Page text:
The Evelyn (renamed Norcom) was originally a U.S. registered, wooden-hulled stern wheel steamboat built at St. Michael, Alaska in 1908 by Bratnobar for the Upper Tanana Trading Company. Her hull measured 39.6 meters by 8.7 meters with a depth of 1.28 meters. The vessel was powered by two horizontal, high pressure cylinders. At some point the ship was sold to the Northern Navigation Company- it wrecked in the Tanana River. Her machinery was removed & taken to St. Michael where a new hull was built. She was converted to Canadian registry in 1913, & then owned by the British Yukon Navigation Co. in 1919. She was beached on Shipyard Island & her engines installed in the Steamer Keno in 1922. Registration was cancelled in 1931.
The ship now lies on blocks at a once important (now abandoned) shipyard & wintering area between Dawson City & Whitehorse, at the base of the Thirty Mile Section of the Yukon River. One boiler & smokestack remain- the rest of the machinery has been removed. The paddlewheel axle, flanges, & crank lie near the ship. While the upper superstructure is largely collapsed, the hull & freight deck are intact. The three tiller-rudder assemblies are complete- they still work.
The LIDAR Survey
The mission of the Yukon River Survey was to locate/document historic Yukon River shipwrecks & hulls. Canada's Yukon Territories contains more accessible early sternwheelers than anywhere else in North America. Approximately 290 sternwheelers once plied the Yukon River, of which 110 were built in 1898 in response to the Klondike Gold Rush. Unlike broken fragments found in the Mississippi or Columbia River systems, the Yukon's steamer wrecks are intact to the point you can walk their decks, swing their tillers, watch their rudders turn. A July 2007 project marked the beginning of detailed documentation in the Yukon. In the first phase, an INA team & EPICSCAN staff spent five days at Shipyard Island, 60 km from the nearest road, & LIDAR-surveyed the 39.6 meter 1908 wooden-hulled sternwheeler Evelyn. The result was a data "cloud" of millions of highly accurate survey shots inside & outside of the vessel, such that features down to 3 mm in width were recorded. The 3-D model shows all timbers & planking. It can be cross-sectioned as required.
The image quality of the animation below has been reduced for online viewing.
(The youtube is a musical tribute by Gus Gravot to rural Mardis Gras in French Louisiana. The photos are of the communities of LeJeune Cove, T-Mamou, Iota, Egan, Church Point, Big Mamou, Eunice, Pointe Noire, and Marais Bouleur.)
Traditional Cajun Mardi Gras Costumes
La Vieille Chanson de Mardi Gras-
Les Mardi Gras vient de tout partout, tout le tour du moyeu.
Vient une fois par an pour demander la charité. Une vieille patate, une patate et des gratons.
Les Mardi Gras vient de tout partout, tout le tour du moyeu. Vient une par an pour demander la charité. Une vieille patate, une patate et des gratons.
Capitaine, capitaine voyage ton flag, tout le tour du moyeu. Une fois par an pour demander la charité. Et des patates, des patates et des gratons.
Les Mardi Gras vient de l’Angleterre, tout le tour du moyeu. Vient une fois par an pour demander la charité. Une vieille patate, une patate et des gratons.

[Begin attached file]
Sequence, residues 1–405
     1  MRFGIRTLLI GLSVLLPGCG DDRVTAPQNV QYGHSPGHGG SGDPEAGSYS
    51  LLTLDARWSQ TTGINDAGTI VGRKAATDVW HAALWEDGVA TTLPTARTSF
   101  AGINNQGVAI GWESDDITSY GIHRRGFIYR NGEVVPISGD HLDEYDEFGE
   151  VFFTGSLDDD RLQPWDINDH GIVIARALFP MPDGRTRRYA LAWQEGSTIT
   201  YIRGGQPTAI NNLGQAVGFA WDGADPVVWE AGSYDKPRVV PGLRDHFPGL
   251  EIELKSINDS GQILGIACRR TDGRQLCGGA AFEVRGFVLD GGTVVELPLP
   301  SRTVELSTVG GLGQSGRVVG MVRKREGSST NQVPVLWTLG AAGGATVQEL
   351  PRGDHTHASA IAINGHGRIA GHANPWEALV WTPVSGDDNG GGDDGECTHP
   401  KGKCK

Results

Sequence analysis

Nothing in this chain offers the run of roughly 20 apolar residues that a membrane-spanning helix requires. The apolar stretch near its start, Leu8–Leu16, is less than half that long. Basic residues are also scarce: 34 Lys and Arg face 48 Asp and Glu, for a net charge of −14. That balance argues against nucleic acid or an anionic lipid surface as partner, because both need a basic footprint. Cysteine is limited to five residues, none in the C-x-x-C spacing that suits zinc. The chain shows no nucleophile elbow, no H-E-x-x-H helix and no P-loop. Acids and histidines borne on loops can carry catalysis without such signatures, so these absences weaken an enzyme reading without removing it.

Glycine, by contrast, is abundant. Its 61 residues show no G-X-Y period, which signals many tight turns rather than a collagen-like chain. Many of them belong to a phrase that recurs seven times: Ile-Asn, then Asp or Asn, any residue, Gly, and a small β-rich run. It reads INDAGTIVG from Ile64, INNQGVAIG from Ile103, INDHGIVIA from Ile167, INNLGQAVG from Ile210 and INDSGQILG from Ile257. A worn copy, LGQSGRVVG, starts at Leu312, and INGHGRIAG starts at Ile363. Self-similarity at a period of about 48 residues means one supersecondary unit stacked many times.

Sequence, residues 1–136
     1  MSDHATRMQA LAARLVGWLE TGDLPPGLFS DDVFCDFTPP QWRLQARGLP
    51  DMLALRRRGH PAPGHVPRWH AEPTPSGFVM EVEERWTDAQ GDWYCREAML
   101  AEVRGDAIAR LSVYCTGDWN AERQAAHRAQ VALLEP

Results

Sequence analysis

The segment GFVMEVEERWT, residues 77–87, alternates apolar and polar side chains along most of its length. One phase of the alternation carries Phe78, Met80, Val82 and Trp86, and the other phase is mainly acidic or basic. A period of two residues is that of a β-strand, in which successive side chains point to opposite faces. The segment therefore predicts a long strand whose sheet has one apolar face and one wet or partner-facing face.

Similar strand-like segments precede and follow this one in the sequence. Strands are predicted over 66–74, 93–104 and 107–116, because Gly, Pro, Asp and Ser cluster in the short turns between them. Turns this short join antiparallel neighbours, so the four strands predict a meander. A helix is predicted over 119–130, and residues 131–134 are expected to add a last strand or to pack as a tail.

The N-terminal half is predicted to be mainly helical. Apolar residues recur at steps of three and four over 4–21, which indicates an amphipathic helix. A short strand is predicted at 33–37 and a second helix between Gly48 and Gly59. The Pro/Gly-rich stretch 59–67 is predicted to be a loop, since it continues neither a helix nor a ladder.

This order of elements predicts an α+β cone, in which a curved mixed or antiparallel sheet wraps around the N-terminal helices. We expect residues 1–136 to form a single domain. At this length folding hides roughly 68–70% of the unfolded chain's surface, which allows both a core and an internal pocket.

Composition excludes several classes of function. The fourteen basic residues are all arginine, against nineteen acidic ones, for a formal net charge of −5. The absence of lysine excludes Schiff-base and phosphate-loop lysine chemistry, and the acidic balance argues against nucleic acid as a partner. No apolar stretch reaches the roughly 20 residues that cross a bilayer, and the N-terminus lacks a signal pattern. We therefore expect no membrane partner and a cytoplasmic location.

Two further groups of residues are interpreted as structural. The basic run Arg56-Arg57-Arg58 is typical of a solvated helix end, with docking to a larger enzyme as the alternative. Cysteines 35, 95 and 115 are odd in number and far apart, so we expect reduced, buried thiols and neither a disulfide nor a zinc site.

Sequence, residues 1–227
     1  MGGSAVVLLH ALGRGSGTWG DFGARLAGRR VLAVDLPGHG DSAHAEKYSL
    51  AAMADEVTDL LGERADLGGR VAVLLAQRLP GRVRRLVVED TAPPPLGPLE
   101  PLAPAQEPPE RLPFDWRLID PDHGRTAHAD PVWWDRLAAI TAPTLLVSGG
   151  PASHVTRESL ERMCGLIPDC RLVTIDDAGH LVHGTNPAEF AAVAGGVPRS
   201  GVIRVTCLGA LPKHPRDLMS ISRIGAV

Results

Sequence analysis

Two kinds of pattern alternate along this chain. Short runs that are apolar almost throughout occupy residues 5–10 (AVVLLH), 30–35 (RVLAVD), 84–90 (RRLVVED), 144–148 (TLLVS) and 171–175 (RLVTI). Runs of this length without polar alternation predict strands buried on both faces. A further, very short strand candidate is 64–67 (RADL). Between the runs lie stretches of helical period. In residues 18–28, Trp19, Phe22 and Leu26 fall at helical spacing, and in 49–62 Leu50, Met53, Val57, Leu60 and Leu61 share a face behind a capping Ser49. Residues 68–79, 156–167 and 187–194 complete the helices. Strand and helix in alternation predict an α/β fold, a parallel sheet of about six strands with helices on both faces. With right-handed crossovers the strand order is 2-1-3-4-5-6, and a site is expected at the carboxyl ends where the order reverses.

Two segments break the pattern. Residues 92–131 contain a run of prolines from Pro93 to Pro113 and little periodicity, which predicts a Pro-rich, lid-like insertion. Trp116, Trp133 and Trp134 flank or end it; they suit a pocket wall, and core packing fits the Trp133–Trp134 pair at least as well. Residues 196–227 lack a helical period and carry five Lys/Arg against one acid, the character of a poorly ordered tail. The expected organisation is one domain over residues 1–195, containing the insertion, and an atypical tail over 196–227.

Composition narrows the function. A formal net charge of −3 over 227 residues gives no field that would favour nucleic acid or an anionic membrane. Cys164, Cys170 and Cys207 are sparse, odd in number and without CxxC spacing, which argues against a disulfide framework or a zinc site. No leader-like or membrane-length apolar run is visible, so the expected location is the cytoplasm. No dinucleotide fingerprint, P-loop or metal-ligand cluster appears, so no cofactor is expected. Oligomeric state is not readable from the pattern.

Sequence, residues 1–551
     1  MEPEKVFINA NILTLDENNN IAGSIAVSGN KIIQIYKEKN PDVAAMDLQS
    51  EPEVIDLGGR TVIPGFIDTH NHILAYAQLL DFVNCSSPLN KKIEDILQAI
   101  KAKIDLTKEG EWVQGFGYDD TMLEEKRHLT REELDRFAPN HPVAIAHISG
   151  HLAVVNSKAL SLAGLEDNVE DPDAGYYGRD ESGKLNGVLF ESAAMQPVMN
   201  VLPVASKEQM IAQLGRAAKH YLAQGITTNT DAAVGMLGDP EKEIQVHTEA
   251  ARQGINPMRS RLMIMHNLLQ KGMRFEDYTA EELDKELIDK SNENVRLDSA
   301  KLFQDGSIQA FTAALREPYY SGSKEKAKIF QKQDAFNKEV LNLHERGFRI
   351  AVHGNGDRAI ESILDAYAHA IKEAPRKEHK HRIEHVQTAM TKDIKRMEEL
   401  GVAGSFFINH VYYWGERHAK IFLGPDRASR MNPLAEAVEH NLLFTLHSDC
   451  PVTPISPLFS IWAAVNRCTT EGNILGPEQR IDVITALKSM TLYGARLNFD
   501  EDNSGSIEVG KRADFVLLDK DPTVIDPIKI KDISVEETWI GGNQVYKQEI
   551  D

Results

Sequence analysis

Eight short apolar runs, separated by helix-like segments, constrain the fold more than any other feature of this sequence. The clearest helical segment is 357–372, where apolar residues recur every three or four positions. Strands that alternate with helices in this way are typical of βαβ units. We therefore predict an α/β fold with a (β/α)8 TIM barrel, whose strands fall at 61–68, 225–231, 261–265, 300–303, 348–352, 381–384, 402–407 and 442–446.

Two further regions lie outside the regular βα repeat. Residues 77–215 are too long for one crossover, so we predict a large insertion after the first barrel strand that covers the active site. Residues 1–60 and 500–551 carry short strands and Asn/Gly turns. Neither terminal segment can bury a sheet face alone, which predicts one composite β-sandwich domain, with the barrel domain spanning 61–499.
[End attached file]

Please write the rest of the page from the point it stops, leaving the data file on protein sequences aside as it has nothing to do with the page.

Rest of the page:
Shirley Poirier Bolton's Unity Gumbo is pictured below. Recipe available upon request...
"Domestic cats in the United States kill up to 3.7 billion birds and as many as 20.7 billion mice, voles and other small mammals each year, biologists estimated on Tuesday.
Puss is probably the biggest human-induced killer of these species, outstripping better-known culprits such as habitat loss, agricultural chemicals or hunting, they said in a study published in the journal Nature Communications.
A team led by Scott Loss at the Smithsonian Conservation Biology Institute in Washington looked at published research into the predation habits of cats.
Cats that have outdoors access kill between 30 and 47 birds apiece in temperate parts of Europe and North America each year, and between 177 and 299 mammals, according to past investigations." AFP
We used to have a couple of Persian cats. They were unintelligent, and physically clumsy but would come to me when I summoned them. They could not catch their own tails, much less birds. I am a dog person. PL
"According to Richard Overy, an outstanding analyst of the war, the Soviet Union had been a centrally planned economy, but its initial defeats in 1941 unraveled the Soviet program. But by 1944, the Soviets were again operating a centrally planned economy, and Overy noted that Russia had “repaired the fractured the web of industry, transport and resources so that by 1942, (the Soviets) produced more weapons than the year before…more weapons than the enemy.” Plus the Soviet weapons were superior in quality to the German ones. This scholar also says that in 1943, the gap between Soviet and German production “widened further” in favor of the Soviet Union. The Soviet Union was producing three aircraft or every two German aircraft produced. It produced double the number of tanks produced by Germany. “The Soviet Union operated a command economy, directed by the state and centrally planned,” Overy said, pointing out that Russia’s centrally planned economy operated unimpeded by the pressures of the free market, and workers were, of course, brutalized: for example, being tardy or not showing up for work could end with the state shooting or imprisoning workers. " Richard Sale